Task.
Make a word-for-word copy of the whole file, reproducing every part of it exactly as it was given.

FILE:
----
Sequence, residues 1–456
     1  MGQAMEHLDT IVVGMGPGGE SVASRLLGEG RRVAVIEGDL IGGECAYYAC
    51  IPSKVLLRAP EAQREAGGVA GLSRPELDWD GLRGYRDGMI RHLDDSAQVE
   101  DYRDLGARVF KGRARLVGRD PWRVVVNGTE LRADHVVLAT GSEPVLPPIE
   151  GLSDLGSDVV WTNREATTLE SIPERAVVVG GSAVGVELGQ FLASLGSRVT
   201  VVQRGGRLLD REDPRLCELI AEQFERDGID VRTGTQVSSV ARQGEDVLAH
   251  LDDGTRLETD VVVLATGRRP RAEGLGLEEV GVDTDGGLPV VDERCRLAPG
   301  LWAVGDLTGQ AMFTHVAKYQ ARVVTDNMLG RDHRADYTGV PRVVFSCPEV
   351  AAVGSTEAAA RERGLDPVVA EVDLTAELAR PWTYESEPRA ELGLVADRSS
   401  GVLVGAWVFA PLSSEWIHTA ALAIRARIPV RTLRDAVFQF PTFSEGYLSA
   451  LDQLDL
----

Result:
Sequence, residues 1–456
     1  MGQAMEHLDT IVVGMGPGGE SVASRLLGEG RRVAVIEGDL IGGECAYYAC
    51  IPSKVLLRAP EAQREAGGVA GLSRPELDWD GLRGYRDGMI RHLDDSAQVE
   101  DYRDLGARVF KGRARLVGRD PWRVVVNGTE LRADHVVLAT GSEPVLPPIE
   151  GLSDLGSDVV WTNREATTLE SIPERAVVVG GSAVGVELGQ FLASLGSRVT
   201  VVQRGGRLLD REDPRLCELI AEQFERDGID VRTGTQVSSV ARQGEDVLAH
   251  LDDGTRLETD VVVLATGRRP RAEGLGLEEV GVDTDGGLPV VDERCRLAPG
   301  LWAVGDLTGQ AMFTHVAKYQ ARVVTDNMLG RDHRADYTGV PRVVFSCPEV
   351  AAVGSTEAAA RERGLDPVVA EVDLTAELAR PWTYESEPRA ELGLVADRSS
   401  GVLVGAWVFA PLSSEWIHTA ALAIRARIPV RTLRDAVFQF PTFSEGYLSA
   451  LDQLDL